Whether you have a legal, tax, insurance, management or land issue, Farmers Weekly’s Business Clinic experts can help.
Here, James McFarlane of Savills advises on grain marketing plans.
Q. My grain merchant has offered a November 2018 price of £160/t and a November 2019 price of £157/t for my feed wheat. Should I lock into these prices now, or will the price continue to improve?
A. It is impossible to say whether the price of cereals will continue its recent rise, but I would suggest that if you have not yet planned any 2018 crop sales, you are leaving it late.
Simple economics means that any business needs to sell its output at a higher price than it has cost to produce. If you know that £160/t is higher than your cost of production, then it would be sensible to lock into selling some of your crop at this price.
Hopefully you have a schedule to hand of your crop area and anticipated harvest total, taking into account your average yield over the past five years. From this you can decide a strategy of when to sell your crop.
This will also depend on storage capacity and cashflow requirements. For instance, you may have commitments to meet such as rent or fertiliser purchases to which you need to match crop income.
You may then decide to sell a proportion at harvest, a further quantity for November movement (as offered) and the balance in, say, February.
If, for instance, you anticipate a harvest of 1,200t, you might plan that one-third (400t) is sold for harvest, one-third for November and the balance the following year.
From this a strategy for selling each block can be agreed – so perhaps three units, or consignments of 116t (four loads). In this way you could accept the offer price of £160/t for part of the harvest.
There is of course the ability to secure against the price falling through the use of grain futures. This is a hedging mechanism. In this way you can agree to sell the crop to the merchant at a price to be determined at the time.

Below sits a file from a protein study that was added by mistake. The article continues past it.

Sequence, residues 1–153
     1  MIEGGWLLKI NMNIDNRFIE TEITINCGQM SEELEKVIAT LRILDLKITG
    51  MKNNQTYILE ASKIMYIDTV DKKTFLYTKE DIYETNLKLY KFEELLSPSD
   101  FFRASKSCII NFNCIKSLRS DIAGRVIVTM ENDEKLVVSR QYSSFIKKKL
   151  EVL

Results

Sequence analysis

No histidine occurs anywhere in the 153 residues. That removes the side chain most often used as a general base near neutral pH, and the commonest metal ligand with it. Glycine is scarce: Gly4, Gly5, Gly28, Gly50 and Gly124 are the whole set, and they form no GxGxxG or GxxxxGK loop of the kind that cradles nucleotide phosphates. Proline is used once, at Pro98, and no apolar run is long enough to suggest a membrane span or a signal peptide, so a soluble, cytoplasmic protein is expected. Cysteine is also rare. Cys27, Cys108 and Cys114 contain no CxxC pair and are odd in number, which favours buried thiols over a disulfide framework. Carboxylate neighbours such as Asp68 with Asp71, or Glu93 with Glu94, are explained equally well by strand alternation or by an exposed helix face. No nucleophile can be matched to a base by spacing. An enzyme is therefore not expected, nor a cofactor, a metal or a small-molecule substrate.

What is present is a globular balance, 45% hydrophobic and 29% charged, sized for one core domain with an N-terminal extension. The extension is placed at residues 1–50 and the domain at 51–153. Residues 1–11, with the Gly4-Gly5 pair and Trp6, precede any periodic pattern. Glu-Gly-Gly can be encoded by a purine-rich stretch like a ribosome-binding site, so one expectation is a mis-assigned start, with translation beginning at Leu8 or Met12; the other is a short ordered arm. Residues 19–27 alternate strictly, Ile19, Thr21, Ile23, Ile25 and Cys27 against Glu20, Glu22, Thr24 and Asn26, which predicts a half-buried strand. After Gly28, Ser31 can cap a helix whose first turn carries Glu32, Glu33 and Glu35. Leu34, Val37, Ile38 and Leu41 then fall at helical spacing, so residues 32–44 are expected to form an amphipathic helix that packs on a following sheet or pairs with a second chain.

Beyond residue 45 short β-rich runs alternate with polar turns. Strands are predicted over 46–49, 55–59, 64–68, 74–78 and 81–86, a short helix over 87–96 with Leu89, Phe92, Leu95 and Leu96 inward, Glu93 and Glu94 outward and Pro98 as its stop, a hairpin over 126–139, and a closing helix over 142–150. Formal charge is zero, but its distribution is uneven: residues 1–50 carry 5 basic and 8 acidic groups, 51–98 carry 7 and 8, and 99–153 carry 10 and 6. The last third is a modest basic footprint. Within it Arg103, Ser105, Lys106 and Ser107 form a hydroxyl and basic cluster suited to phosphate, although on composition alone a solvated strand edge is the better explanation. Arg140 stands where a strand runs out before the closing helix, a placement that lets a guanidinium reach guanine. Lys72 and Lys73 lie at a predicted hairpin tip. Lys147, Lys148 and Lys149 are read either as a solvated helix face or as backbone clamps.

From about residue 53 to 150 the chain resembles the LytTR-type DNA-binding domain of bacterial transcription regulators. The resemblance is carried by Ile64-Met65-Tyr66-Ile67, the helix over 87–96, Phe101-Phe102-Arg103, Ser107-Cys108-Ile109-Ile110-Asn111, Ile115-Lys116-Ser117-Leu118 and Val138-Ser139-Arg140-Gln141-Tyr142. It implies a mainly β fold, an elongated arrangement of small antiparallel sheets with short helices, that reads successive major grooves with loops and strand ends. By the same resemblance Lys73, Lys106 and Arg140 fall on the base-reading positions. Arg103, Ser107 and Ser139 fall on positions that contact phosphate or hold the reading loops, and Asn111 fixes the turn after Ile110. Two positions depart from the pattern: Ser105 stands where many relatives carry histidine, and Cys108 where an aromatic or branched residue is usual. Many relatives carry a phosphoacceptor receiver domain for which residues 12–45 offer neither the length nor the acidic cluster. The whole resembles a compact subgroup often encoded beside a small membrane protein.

Without hedging, you are open to the risk of market price changes. By taking out the futures contract, you are locking into the quoted futures contract price at the time of the agreement.
There is a cost to taking out the hedge, so this has to be taken into account to identify the net price achievable.
There may be a greater advantage to you taking out a futures contract for the 2019 harvest. We will have left the EU by then and be midway through the proposed transition period.
We do not know how the negotiations will proceed and therefore have no idea of the relative value of sterling, which is a key factor in grain prices.
In addition, fertiliser prices are some 20-25% higher than at this time last year and fuel prices have also risen; it is likely that seed and agrochemical prices will also rise. Therefore the cost of growing the crop is likely to be more than the cost of the current crop. Based on this, can you take the risk of grain prices falling?
Every business needs to identify its own costs of production, but locking into a November 2019 price should ensure there is a positive margin.
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